An unexpected gathering

From my house to Brazos Bend State Park is about 40 minutes if there isn't traffic or a wreck

From my house to Brazos Bend State Park is about 40 minutes if there isn't traffic or a wreck

Brazos Bend State Park is one of my favorite haunts. For non-locals, it is located in the southwest part of the Houston area. Half the trip is on the freeway, then a nice meandering drive through rice fields and grazing land. By the time you get to the park, you are relaxed and ready to see some BIRDS!

A recent trip was quite memorable. First there was the fog to deal with. More about that in a later post!

Once I got there, I did a bit of birding around 40-acre lake early but nothing much was happening. The water is low with exposed mud flats and dying vegetation. We have had a series of dry years.

But, all things change. I am sure I will be complaining about incessant rain one of these days, too. 

I was getting tired of taking pictures of Ibis and the others were too far away.

My camera is a Panasonic FZ200 bridge camera. It does wonderfully well at mid-range and even in low light, but long distances are better left for the big boys.

I packed up and drove the short distance to a small lake by the observatory called Creekfield Lake.

Adventure at Creekfield Lake

This lake has paved trails and markers explaining the flora and fauna. It is one of my favorites for photographing egrets and herons. It is a small lake so when the ducks take off and swoop around I have a fair chance of capturing one in flight. Still practicing that skill.

Entrance path to Creekfield Lake.

Entrance path to Creekfield Lake.

This bridge crosses the lake and leads up to the Observatory. First time I was here I was on the bridge marveling at a Green Heron that was right at the edge of the lake... when I heard a huge splash. Boy, that must have been a really big fish to have made so much noise, I thought.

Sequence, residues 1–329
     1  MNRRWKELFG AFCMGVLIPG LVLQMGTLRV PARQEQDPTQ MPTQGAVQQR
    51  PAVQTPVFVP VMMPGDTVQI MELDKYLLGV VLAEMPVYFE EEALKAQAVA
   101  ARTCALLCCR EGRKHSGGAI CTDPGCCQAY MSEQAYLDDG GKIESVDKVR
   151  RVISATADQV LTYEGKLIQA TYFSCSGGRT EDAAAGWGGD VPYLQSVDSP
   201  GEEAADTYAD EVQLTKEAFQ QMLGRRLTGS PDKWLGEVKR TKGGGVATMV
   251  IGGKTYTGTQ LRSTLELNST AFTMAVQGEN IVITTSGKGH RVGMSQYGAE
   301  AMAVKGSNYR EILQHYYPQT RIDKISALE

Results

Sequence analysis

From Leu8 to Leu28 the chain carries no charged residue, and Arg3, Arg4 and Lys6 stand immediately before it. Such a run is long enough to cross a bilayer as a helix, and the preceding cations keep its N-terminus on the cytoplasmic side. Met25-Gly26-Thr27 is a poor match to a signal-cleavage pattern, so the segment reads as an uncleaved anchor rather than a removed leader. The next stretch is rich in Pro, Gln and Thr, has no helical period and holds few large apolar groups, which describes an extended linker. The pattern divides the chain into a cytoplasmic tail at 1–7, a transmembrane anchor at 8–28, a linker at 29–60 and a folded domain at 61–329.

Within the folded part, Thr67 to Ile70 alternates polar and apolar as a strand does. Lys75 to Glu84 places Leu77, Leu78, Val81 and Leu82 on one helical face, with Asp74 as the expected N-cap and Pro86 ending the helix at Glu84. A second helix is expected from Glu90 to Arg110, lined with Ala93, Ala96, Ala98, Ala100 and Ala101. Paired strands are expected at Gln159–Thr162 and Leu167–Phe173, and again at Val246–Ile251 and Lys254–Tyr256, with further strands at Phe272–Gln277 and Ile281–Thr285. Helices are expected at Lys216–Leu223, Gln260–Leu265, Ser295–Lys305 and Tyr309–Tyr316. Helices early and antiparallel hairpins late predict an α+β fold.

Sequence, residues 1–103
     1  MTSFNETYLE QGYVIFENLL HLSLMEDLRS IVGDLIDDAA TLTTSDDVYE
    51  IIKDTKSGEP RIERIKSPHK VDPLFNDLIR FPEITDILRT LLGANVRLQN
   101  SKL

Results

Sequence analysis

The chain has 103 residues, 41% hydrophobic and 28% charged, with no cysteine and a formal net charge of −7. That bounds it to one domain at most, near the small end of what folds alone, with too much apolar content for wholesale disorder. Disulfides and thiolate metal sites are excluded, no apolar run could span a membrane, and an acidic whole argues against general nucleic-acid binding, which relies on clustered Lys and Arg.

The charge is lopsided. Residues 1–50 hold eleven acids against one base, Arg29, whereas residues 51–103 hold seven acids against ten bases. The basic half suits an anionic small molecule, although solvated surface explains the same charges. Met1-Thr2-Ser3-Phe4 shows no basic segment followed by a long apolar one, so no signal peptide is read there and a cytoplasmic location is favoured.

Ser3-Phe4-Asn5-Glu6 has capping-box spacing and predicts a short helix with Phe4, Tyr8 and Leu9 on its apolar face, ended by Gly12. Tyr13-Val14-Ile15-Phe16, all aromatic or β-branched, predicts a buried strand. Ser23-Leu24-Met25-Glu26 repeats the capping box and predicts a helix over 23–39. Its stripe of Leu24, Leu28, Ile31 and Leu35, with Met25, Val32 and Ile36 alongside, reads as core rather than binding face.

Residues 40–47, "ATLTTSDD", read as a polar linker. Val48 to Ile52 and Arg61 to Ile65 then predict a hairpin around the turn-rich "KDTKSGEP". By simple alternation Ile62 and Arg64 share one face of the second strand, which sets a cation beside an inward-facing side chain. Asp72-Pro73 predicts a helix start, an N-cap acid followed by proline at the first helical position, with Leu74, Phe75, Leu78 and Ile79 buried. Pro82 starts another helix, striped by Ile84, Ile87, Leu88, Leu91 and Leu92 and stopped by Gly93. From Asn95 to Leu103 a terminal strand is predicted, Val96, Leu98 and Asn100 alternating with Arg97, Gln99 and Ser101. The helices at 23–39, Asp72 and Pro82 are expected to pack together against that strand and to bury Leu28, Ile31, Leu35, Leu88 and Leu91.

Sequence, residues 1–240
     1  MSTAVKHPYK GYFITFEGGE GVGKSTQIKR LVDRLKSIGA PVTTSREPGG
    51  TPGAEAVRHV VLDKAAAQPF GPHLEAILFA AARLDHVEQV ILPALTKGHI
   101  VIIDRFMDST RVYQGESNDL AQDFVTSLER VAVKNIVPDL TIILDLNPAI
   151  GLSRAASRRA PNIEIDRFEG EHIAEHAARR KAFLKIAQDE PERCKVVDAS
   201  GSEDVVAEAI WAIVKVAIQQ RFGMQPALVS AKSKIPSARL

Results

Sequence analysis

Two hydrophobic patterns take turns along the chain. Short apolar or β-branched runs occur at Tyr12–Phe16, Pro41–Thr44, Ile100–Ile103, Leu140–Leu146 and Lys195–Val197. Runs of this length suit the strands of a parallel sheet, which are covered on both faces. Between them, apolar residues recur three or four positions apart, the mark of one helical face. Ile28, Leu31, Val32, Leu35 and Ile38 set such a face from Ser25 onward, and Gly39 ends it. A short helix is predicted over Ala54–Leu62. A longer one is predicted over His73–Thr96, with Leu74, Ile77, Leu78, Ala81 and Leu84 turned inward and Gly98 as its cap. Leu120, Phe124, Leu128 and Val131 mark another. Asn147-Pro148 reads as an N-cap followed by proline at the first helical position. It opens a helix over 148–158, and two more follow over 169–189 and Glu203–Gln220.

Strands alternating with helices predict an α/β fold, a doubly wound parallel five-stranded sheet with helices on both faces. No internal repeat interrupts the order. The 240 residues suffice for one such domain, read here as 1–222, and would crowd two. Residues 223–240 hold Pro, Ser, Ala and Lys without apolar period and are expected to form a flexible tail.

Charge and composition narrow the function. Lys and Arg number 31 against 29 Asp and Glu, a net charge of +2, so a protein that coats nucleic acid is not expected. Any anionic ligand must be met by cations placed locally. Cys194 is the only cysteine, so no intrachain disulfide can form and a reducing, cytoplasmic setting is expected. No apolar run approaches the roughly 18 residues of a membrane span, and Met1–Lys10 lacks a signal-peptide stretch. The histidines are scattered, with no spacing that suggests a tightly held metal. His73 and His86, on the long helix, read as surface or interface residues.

Wrong. That was my introduction to alligators in Brazos Bend.

But I digress. This trip I didn't see any alligators close by. I stalked this guy for a long time while he stalked his lunch.

The bird formerly known as the Louisiana Heron, now called the Tri-colored Heron.

The bird formerly known as the Louisiana Heron, now called the Tri-colored Heron.

I wanted to see him spear a fish, a crawdad, a frog. Anything. All the big guys are posting images on Instagram of Herons with their catch; one even has a capture of a Heron with a Vole! But this Tri-colored Heron was not cooperating with my dreams.

While I was following him back and forth I noticed something odd on the pier around the bend.

Black things far away on the pier railings

Black things far away on the pier railings

I had an idea what they were, but no, that couldn't be right. Some were holding out their wings and for a moment I thought I had stumbled on a bunch of Anhingas. but no...

Can you guess?

A buzzard convention!

A buzzard convention!

I have never ever seen so many Vultures in one place. Gawd, are they ever ugly up close. These were mostly Black Vultures.  I did see a few Turkey Vultures mixed in. And they are really filthy. Well, I suppose it is unreasonable to expect a carrion eater to be fastidious, but still. 

They were all over the piers.

Vultures and more vultures

Vultures and more vultures

They were all in the trees, sunning themselves. Occasionally one would fly over me and the shadow and sound was terrifying. These guys are really big - they have a wingspan of 1.5 m or 5 feet. Dang.

Vultures in the sunshine
Vultures in the sunshine
MOAR vultures

MOAR vultures

Turkey Vulture hanging with his cousins, the Black Vultures

Turkey Vulture hanging with his cousins, the Black Vultures

I did talk to the Park Ranger because I have never ever seen so many at one time. He said for the past few winters the vultures have been roosting in the park. I have no idea if we will have to share space with these guys all winter. They are downright creepy.

This is right out of a Hitchcock film...

This is right out of a Hitchcock film...

Have you ever seen great groups of vultures before? They are year round residents of the southeastern US and into Mexico and South America.

So, they didn't seem to make any.. bird noises. I just looked that up and they lack a "syrinx" or vocal organ of a bird. I don't even remember them grunting or hissing. That was another part of the overall strangeness - it was so quiet.

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In the foggy bottoms

A trip to the coast